Australia’s intelligence watchdog did not say specifically what data was collected by the spy agencies. The app uses Bluetooth and not location data, but the app requires the user to upload some personal information — like their name, age, postal code, and phone number — to allow the government’s health department to contact those who may have come into contact with an infected person.

Australia has seen more than 27,800 confirmed coronavirus cases and over 900 deaths since the start of the pandemic.

A bug meant Twitter Fleets could still be seen after they disappear

Twitter is the latest social media site to allow users to experiment with posting disappearing content. Fleets, as Twitter calls them, allows its mobile users post short stories, like photos or videos with overlaying text, that are set to vanish after 24 hours.

But a bug meant that fleets weren’t deleting properly and could still be accessed long after 24 hours had expired. Details of the bug were posted in a series of tweets on Saturday, less than a week after the feature launched.

The bug effectively allowed anyone to access and download a user’s fleets without triggering a notification that the user’s fleet had been read and by whom. The implication is that this bug could be abused to archive a user’s fleets after they expire.

Using an app that’s designed to interact with Twitter’s back-end systems via its developer API. What returned was a list of fleets from the server. Each fleet had its own direct URL, which when opened in a browser would load the fleet as an image or a video. But even after the 24 hours elapsed, the server would still return links to fleets that had already disappeared from view in the Twitter app.

When reached, a Twitter spokesperson said a fix was on the way. “We’re aware of a bug accessible through a technical workaround where some Fleets media URLs may be accessible after 24 hours. We are working on a fix that should be rolled out shortly.”

Twitter acknowledged that the fix means that fleets should now expire properly, it said it won’t delete the fleet from its servers for up to 30 days — and that it may hold onto fleets for longer if they violate its rules. We checked that we could still load fleets from their direct URLs even after they expire.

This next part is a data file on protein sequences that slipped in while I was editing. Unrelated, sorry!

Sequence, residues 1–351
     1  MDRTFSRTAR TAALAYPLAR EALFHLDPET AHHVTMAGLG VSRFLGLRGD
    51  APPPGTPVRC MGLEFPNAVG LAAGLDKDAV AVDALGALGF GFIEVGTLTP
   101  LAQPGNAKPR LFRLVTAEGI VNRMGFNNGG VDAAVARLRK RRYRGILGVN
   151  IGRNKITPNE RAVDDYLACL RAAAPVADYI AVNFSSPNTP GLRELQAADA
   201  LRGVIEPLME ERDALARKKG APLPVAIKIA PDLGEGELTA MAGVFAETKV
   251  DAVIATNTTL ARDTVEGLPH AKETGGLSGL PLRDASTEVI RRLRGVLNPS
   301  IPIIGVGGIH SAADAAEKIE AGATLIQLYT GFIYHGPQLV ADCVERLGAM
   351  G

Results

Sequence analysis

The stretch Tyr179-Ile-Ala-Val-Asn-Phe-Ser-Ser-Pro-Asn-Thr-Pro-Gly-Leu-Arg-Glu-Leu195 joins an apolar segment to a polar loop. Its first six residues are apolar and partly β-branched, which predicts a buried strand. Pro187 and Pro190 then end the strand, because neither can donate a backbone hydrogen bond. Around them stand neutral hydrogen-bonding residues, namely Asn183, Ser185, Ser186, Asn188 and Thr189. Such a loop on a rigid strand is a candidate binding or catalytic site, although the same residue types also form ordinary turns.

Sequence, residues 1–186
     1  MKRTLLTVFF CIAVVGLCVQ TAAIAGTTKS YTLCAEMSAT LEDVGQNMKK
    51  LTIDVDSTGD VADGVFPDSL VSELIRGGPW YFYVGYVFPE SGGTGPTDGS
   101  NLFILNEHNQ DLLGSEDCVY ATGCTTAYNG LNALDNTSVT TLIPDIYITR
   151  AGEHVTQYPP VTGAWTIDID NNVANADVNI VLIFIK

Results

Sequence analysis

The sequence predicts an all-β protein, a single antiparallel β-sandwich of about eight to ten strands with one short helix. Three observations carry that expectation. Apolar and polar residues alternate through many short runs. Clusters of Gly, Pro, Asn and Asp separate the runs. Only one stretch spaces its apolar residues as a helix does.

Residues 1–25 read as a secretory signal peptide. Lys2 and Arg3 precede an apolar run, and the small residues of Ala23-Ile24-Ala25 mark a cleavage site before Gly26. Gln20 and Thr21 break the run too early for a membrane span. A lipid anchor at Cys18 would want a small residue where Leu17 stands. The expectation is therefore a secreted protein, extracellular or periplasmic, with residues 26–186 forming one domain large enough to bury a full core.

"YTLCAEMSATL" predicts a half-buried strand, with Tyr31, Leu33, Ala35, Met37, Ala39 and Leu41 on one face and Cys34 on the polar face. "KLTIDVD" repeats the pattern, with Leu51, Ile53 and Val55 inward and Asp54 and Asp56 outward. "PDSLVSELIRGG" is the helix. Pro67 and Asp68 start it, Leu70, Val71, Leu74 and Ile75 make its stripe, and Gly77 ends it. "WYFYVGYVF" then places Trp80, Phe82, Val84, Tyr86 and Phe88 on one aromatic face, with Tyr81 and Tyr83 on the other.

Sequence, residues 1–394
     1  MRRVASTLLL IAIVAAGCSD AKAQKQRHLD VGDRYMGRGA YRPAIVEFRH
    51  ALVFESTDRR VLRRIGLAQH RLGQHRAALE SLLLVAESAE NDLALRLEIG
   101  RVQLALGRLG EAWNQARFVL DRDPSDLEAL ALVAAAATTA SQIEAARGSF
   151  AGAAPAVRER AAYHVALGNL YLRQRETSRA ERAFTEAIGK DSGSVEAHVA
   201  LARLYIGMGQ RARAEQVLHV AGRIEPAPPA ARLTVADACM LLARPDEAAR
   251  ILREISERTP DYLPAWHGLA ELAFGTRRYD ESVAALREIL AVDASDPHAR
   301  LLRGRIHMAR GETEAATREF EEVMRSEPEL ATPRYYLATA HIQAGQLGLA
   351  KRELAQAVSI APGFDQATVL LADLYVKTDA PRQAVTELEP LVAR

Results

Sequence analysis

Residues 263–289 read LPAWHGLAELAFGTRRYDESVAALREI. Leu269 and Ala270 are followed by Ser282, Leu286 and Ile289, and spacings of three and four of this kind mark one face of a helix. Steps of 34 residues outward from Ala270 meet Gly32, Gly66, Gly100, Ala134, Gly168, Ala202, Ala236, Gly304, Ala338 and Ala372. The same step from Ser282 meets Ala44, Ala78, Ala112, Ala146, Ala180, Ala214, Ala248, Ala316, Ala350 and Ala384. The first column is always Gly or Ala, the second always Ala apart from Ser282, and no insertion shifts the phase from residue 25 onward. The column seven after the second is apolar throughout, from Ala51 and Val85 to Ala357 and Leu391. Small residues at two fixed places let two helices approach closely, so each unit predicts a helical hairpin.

Fleet with caution.

Google plans to test end-to-end encryption in Android messages

For the past year and a half, Google has been rolling out its next-generation messaging to Android users to replace the old, clunky, and insecure SMS text messaging. Now the company says that rollout is complete, and plans to bring end-to-end encryption to Android messages next year.

Google’s Rich Communications Services is Android’s answer to Apple’s iMessage, and brings typing indicators, read receipts, and you’d expect from most messaging apps these days.

In a blog post Thursday, Google said it plans to roll out end-to-end encryption — starting with one-on-one conversations — leaving open the possibility of end-to-end encrypted group chats. It’ll become available to beta testers, who can sign up here, beginning later in November and continue into the new year.

End-to-end encryption prevents anyone — even Google — from reading messages as they travel between sender and the recipient.

Google dipped its toes into the end-to-end encrypted messaging space in 2016 with the launch of Allo, an app that immediately drew criticism from security experts for not enabling the security feature by default. Two years later, Google killed off the project altogether.

This time around, Google learned its lesson. Android messages will default to end-to-end encryption once the feature becomes available, and won’t revert back to SMS unless the users in the conversation loses or disables RCS.

Strava raises $110 million, touts growth rate of 2 million new users per month in 2020

Activity and fitness tracking platform Strava has raised $110 million in new funding, in a Series F round led by TCV and Sequoia, and including participation by Dragoneer group, Madrone Capital Partners, Jackson Square Ventures and Go4it Capital. The funding will be used to propel the development of new features, and expand the company’s reach to cover even more users.

Already in 2020, Strava has seen significant growth. The company claims that it has added more than 2 million new “athletes” (how Strava refers to its users) per month in 2020. The company positions its activity tracking as focused on the community and networking aspects of the app and service, with features like virtual competitions and community goal-setting as representative of that approach.